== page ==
- NEW YORK (AP)
Asia Argento said he raped her during the Cannes Film Festival. Mira Sorvino said he chased her around a hotel room at the Toronto International Film Festival. Rose McGowan's encounter happened at the Sundance Film Festival.
Just as Harvey Weinstein did at the Oscars, the disgraced movie mogul lorded over the festival world, which provided the glitzy, champagne-flowing setting for many of his alleged crimes. And in the aftermath of Hollywood's sexual harassment scandals, film festivals have done some soul searching.
Codes of conduct have been rewritten, selection processes have been re-examined and, in many cases, gender equality efforts have been redoubled.
When the curtain goes up on the 17th annual Tribeca Film Festival on Wednesday, the festival will boast more female filmmakers than ever before. After last year accounting for a third of the slate, films directed by women make up 46 percent at this year's festival.
Jane Rosenthal, co-founder of the festival and chief executive of Tribeca Enterprises, particularly wanted to launch this year's festival with the premiere of a film directed by a woman, about a woman. Lisa Dapolito's "Love Gilda," about the comedienne Gilda Radner, will kick things off Wednesday at New York's Beacon Theatre. The first episode of Liz Garbus' Showtime documentary series "The Fourth Estate," about the New York Times covering the first year of the Trump administration, will close the festival. On April 28, the festival will hold a day's worth of conversations with Time's Up, including Ashley Judd and Julianne Moore, to benefit the legal defense fund and gender equality initiative.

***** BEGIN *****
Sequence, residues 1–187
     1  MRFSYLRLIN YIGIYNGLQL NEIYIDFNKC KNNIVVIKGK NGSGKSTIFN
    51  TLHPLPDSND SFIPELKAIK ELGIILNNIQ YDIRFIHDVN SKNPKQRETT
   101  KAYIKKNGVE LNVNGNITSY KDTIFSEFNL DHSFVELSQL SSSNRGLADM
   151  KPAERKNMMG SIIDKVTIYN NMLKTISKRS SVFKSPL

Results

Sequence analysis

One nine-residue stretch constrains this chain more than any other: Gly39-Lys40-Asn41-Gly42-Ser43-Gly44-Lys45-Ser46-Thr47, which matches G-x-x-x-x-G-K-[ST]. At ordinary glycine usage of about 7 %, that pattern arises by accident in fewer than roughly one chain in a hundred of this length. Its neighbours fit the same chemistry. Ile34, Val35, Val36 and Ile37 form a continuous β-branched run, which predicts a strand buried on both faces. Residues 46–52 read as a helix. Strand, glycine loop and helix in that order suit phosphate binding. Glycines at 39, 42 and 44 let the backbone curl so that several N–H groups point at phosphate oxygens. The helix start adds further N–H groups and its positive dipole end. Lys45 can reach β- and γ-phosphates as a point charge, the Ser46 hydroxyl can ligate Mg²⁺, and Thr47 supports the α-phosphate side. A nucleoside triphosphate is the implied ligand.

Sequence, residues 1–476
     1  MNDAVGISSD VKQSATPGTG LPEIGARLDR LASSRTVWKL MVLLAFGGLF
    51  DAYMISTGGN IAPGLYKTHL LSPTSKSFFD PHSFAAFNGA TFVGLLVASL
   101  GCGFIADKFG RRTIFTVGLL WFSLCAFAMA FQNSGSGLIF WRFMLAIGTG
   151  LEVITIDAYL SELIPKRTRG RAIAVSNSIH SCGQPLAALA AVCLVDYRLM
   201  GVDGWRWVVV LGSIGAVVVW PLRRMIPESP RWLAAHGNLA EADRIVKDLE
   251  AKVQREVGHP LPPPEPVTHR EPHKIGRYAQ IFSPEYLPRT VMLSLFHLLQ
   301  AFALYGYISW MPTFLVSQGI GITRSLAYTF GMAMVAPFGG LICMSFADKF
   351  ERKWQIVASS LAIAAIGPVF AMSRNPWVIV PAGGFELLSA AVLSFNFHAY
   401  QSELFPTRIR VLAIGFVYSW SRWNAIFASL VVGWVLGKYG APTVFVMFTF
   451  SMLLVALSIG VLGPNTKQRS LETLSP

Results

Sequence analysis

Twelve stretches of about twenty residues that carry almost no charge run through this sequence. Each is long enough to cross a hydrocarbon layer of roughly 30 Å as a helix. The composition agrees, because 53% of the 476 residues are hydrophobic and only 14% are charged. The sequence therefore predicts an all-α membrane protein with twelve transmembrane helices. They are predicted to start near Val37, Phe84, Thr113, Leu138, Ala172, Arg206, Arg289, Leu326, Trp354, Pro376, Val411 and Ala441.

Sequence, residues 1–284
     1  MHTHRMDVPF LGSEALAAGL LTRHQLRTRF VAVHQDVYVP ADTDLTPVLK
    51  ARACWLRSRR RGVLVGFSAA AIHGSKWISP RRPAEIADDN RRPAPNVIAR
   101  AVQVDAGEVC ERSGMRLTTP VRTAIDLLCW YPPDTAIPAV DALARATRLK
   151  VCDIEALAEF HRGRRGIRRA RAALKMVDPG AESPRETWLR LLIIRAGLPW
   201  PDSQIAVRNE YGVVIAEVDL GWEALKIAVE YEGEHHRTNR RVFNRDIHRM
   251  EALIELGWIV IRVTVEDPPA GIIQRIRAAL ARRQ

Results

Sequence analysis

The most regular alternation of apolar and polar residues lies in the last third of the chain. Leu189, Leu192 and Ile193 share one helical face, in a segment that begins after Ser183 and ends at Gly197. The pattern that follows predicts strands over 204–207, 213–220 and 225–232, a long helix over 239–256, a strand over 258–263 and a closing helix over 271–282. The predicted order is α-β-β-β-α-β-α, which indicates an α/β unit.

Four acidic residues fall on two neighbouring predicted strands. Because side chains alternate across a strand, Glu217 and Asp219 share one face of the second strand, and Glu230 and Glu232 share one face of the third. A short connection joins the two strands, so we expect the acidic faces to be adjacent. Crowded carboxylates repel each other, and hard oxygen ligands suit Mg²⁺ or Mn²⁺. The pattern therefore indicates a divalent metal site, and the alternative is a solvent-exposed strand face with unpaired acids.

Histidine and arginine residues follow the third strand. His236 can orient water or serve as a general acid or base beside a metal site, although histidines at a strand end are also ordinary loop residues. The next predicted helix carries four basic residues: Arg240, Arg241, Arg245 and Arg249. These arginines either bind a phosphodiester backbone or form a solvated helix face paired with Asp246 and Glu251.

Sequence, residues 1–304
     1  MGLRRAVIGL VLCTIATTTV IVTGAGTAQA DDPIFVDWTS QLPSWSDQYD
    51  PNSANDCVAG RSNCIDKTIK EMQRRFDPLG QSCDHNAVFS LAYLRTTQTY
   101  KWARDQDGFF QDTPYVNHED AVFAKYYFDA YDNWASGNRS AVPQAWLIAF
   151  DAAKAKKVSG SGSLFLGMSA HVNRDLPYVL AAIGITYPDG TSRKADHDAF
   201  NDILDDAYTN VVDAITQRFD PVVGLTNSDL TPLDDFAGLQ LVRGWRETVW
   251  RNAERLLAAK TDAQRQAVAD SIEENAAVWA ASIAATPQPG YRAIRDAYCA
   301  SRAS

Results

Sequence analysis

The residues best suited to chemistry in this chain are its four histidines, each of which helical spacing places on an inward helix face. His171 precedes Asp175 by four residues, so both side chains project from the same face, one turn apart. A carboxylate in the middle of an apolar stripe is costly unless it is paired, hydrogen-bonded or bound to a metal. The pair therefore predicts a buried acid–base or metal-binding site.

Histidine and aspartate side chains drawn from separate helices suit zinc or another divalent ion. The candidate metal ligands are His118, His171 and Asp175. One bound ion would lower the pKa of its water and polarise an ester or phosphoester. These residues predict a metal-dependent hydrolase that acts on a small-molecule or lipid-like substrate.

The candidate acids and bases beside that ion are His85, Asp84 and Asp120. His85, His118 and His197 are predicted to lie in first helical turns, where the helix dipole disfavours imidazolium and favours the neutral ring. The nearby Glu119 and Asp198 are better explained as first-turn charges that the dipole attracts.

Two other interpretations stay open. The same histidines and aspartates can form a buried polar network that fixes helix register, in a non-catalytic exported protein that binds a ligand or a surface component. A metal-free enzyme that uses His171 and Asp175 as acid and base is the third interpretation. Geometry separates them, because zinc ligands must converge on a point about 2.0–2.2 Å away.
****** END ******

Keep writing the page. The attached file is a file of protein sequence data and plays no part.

"For us it was, on one hand, business as usual," said Rosenthal, pointing to previous efforts Tribeca has made to promote female filmmakers, like its Nora Ephron Award. "But we tasked ourselves early on with: Can you get to 50-50? Can we have 50 percent women filmmakers at the festival? We got to 46. I would say that it was fairly easy for us. Those pictures would probably have been in the festival without that kind of mandate."
Efforts to improve the movie business' record on gender equality have been ongoing at many, though not all, major film festivals in recent years. Pursuing parity has seemed at times like an arms race with various festivals touting their male-to-female ratios. The festival world is far ahead of the industry (only 8 of last year's top 100 films at the box office were directed by women) and the Academy Awards (where Greta Gerwig became just the fifth woman ever nominated for best director this year).
Thirty-seven percent of the 122 features at this year's Sundance were directed by women, including "Seeing Allred," about women's rights attorney Gloria Allred. For the first time, all four of the festival's directing prizes went to female filmmakers. The festival's top prize, the Grand Jury Prize, went to Desiree Akhavan's "The Miseducation of Cameron Post."
At SXSW in March, eight of the 10 films in the narrative competition were directed by women. At last fall's Toronto film festival, one third of entries were made by female filmmakers and a five-year, $3 million campaign dubbed "Share Her Journey" was launched to support female filmmakers.